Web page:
Throw out your broccoli, chuck out your tomatoes…

Shall we? The vegetable tide is turning. For those of us forcing vegetables into our children in the belief that they are essential to health, the news, from the Journal of the National Cancer Institute: Fruit and Vegetable Intake and Overall Cancer Risk in the European Prospective Investigation Into Cancer and Nutrition reporting a very large study, is that vegetables don’t cut the risk of cancer in the way some analyses had found: Fruit, vegetables, and cancer prevention: a review of the epidemiological evidence

All those UK Department of Health ’5 a day’ campaigns, and attempts to wean us off chocolate bars and onto bananas may have wasted their efforts.

The NCI study examined almost half a million Europeans for over 7 years. The found a small protective effect  against cancer from a high fruit and vegetable intake – but of about a four per cent reduction. The rates of cancer were 7.1 per 1000 for women and 7.9 per 1000 for men. So the reduction overall is not large.

This is a monster of a study, in relative terms – many smaller retrospective analyses have been done and shown the opposite – many came out during the 90s saying that a 50% reduction in cancer would be possible through eating lots of vegetables.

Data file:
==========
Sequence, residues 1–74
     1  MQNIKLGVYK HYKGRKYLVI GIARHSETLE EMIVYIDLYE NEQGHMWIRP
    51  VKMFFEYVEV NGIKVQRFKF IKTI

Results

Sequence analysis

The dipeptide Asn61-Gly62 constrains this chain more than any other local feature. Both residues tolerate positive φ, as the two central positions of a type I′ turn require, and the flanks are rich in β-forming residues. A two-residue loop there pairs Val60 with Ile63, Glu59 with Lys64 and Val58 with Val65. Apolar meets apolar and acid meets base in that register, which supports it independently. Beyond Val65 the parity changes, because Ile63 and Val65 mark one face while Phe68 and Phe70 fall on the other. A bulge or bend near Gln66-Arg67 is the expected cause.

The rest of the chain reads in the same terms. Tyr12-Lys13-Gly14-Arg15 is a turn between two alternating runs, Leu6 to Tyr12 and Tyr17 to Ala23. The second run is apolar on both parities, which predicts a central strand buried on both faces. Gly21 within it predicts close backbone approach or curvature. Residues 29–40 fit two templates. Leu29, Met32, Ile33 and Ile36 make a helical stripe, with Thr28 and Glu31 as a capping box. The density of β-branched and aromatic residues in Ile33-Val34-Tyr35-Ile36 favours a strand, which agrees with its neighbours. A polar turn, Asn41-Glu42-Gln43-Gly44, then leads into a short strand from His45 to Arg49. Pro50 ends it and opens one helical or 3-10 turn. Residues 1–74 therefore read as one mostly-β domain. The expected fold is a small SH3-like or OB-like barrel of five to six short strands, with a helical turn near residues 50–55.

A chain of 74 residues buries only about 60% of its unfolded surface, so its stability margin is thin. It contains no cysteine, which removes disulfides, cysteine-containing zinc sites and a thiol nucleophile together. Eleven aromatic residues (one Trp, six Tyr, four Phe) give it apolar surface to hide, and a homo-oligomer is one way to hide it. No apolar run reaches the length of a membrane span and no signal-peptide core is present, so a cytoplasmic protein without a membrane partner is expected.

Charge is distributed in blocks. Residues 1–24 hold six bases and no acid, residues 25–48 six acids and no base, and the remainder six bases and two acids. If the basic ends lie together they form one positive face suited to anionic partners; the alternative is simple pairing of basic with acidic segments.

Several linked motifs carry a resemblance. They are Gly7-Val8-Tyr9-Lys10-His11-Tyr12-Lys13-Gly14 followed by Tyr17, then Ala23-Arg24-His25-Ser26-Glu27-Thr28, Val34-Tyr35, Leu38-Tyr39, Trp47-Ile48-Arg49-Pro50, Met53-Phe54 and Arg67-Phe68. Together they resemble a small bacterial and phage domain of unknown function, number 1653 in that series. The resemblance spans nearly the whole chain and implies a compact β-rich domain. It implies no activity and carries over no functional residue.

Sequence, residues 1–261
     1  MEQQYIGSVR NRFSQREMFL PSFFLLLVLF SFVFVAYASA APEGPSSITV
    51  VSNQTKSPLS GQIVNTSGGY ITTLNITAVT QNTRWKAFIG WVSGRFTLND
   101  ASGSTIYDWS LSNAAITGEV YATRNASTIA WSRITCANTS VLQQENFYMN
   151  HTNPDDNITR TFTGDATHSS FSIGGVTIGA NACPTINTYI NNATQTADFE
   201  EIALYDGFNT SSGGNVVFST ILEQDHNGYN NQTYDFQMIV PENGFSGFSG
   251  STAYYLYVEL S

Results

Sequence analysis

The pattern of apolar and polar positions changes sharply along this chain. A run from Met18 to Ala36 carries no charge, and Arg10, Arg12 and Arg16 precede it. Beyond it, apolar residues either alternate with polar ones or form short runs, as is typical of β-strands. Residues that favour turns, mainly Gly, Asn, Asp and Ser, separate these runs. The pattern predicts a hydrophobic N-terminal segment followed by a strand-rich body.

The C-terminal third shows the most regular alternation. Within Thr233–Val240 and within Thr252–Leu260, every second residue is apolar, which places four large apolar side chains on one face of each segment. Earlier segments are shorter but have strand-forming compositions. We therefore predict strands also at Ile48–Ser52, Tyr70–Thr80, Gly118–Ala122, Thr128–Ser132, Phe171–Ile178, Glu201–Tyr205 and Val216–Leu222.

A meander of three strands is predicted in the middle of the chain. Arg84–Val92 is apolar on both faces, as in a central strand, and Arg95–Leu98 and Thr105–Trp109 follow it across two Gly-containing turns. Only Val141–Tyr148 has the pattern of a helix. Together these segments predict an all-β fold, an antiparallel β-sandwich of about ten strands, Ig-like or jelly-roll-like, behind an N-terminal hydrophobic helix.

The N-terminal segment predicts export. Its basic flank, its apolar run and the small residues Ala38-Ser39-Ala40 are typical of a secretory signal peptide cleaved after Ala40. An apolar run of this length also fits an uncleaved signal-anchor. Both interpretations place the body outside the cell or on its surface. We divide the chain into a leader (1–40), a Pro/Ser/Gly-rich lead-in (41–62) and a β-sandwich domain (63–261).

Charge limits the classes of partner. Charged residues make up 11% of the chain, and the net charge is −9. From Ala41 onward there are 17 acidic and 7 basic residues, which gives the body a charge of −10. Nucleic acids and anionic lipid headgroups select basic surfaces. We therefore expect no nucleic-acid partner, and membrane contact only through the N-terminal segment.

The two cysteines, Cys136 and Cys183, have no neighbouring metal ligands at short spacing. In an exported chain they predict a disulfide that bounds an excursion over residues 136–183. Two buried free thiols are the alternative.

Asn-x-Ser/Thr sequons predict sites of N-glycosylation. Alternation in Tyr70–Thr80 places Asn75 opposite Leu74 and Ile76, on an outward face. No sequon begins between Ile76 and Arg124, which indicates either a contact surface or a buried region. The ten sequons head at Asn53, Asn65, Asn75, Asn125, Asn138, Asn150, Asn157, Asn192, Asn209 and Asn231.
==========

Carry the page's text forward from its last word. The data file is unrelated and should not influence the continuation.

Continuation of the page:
But we can’t fully dismiss the theory that fruit and veg are good for health. The study found that heavy drinkers had an extra benefit from this kind of diet – but only a benefit in reducing cancers caused by alcohol.

Further, evidence remains - Fruit and Vegetable Consumption and Risk of Coronary Heart Disease: A Meta-Analysis of Cohort Studies – that risk of cardiovascular disease – strokes, heart attacks – is reduced by a veg-rich diet. The other issue is that of the role of fruit and vegetables in preventing or reducing obesity: we probably shouldn’t wave good bye to the fresh produce aisle just yet.

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About our regular bloggers

Margaret McCartney is a Glasgow-based GP and FT Weekend columnist. She started writing for the Life and Arts section in 2005 and moved to the magazine in 2008. She also has her own blog:

Clive Cookson has been a science journalist for the whole of his working life. He joined the FT in 1987. Clive, the FT's science editor, picks out the research that everyone should know about. He also discusses key policy issues, from R&D funding to science education.

Andrew Jack is pharmaceuticals correspondent, covering the industry and public health issues. He has been a journalist with the FT for 19 years, based in London, Paris and Moscow